Our NCWorks Career Center at 1401 W. Morehead St. will close effective Jan. 20 and consolidate its services to two existing centers located at 5601 Executive Center Drive in east Charlotte and 7140 Forest Point Blvd. in southwest Charlotte.
Currently, the Executive Center and Forest Point locations serve job-seekers residing in nearly 100 zip codes while West Morehead serves three zip codes. Job-seekers can also receive additional career resources at more than 30 community partner sites, known as CARE3 sites, which are spread throughout the Charlotte-Mecklenburg area.
The U.S. Department of Labor has cut funding to states over the past two years through the Workforce Innovation Opportunity Act (WIOA) due to perceived reductions in unemployment. Charlotte Works received $1.6 million in budget cuts during that same time, impacting the West Morehead center which was fully funded by the organization. The Executive Center and Forest Point locations receive operating support from the N.C. Department of Commerce and Charlotte Works.
“Like any business, a 20 percent reduction in revenue forces you to consider different ways of operating,” says Patrick Graham, Charlotte Works President/CEO. “We’re looking forward to the possible creation of a career supercenter in the upcoming year that will allow us to serve job-seekers in multiple ways and provide even greater opportunities for training.”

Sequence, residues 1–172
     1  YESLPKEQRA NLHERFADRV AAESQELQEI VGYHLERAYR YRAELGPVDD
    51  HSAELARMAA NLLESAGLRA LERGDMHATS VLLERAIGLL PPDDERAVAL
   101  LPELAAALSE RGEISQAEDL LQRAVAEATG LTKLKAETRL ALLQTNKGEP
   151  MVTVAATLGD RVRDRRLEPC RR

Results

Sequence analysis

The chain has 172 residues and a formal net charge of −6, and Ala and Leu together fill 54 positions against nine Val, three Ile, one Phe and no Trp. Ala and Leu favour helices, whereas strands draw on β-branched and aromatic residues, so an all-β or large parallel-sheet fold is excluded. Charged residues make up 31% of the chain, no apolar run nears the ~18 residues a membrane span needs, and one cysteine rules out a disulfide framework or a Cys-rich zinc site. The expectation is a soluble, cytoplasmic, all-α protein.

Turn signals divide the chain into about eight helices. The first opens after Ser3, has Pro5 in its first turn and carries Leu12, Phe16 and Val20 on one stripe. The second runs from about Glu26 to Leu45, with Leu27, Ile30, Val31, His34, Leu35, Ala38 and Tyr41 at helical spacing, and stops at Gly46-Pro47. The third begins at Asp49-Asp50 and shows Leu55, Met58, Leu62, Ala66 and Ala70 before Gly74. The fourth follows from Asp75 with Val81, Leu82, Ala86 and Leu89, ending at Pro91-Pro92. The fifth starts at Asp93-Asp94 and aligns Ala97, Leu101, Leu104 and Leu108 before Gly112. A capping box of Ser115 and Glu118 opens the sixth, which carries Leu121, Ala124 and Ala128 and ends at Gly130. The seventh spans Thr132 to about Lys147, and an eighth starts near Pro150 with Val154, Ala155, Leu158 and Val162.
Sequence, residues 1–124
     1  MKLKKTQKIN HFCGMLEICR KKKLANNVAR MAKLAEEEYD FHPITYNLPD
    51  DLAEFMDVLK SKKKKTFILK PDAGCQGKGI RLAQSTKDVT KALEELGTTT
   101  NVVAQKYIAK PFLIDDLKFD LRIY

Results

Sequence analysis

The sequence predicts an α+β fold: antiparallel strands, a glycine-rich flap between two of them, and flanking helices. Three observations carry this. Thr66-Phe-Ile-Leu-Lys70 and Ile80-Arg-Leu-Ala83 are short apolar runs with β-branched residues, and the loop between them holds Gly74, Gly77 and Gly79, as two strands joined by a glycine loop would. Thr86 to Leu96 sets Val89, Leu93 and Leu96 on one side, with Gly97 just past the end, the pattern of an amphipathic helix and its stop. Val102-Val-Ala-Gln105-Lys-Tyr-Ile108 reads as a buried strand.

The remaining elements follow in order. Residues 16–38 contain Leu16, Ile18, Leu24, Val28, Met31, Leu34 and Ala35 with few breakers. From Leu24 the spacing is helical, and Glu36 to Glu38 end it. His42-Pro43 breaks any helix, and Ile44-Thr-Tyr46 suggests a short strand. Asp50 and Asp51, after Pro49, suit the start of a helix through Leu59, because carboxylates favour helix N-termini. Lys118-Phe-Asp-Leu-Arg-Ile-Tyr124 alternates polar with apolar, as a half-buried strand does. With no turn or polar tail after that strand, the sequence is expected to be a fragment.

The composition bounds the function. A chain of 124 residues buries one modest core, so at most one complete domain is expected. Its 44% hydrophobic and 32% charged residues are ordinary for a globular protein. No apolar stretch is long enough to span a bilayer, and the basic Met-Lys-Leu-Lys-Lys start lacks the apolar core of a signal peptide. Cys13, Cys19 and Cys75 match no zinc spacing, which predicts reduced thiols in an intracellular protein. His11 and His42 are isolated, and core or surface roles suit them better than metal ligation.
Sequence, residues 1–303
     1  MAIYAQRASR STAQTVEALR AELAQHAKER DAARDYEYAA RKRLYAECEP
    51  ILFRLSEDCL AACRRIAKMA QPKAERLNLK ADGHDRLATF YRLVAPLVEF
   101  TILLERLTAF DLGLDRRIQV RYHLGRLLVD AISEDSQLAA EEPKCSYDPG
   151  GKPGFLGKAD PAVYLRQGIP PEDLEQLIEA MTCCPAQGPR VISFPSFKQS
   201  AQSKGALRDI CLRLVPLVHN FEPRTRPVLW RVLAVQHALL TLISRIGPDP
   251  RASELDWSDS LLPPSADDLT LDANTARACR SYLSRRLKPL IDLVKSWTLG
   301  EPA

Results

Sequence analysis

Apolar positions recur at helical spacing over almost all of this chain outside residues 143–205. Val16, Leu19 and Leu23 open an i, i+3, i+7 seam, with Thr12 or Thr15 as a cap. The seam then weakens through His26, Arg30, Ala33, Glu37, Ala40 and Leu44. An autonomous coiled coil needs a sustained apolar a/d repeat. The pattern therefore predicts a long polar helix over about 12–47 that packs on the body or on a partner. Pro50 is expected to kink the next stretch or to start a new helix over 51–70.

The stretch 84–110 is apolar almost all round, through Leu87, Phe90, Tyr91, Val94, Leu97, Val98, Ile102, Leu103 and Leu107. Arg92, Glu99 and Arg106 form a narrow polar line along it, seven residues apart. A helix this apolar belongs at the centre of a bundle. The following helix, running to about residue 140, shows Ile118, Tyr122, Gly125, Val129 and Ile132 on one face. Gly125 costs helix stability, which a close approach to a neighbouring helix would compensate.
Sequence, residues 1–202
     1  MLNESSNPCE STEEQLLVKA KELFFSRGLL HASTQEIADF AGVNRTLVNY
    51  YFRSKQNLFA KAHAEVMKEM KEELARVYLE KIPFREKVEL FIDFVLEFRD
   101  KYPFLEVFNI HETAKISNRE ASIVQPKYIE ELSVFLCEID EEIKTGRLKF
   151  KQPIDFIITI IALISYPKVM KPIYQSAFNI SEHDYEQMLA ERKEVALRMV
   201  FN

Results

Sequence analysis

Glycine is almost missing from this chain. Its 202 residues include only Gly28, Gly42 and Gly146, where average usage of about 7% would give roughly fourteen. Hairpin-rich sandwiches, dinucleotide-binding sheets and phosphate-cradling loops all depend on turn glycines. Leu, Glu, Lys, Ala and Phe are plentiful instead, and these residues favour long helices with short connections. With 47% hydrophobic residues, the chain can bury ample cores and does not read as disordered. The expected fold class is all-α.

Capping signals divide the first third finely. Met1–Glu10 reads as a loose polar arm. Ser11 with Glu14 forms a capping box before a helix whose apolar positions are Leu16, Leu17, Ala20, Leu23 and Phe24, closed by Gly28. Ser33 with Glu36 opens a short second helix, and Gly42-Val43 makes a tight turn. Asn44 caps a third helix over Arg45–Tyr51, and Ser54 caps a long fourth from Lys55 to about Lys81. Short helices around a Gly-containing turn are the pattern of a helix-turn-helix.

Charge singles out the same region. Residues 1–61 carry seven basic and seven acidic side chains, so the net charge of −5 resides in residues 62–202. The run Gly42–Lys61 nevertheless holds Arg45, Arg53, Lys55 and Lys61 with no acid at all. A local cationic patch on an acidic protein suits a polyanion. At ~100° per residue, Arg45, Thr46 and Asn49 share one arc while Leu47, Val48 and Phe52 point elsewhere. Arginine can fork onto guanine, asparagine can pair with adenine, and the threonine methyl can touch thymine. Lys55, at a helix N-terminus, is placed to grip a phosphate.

Supercenters are a best practice across the workforce development industry. They allow for multiple economic development and social sector agencies to provide subsidized training and direct connection to employers. As part of recent WIOA legislation, workforce development boards like Charlotte Works will now convene and align workforce systems in local areas to create better opportunities for industry partners, job-seekers and service providers.
“Because we convene partners around pathways to employment, our new pathway model developments will also allow K-12 schools, colleges and training providers to create stronger models that lead to economic mobility,” Graham says. “We’ll lead this community to create better opportunities for post-secondary education and certifications, while also exposing young people to career paths at an earlier age.”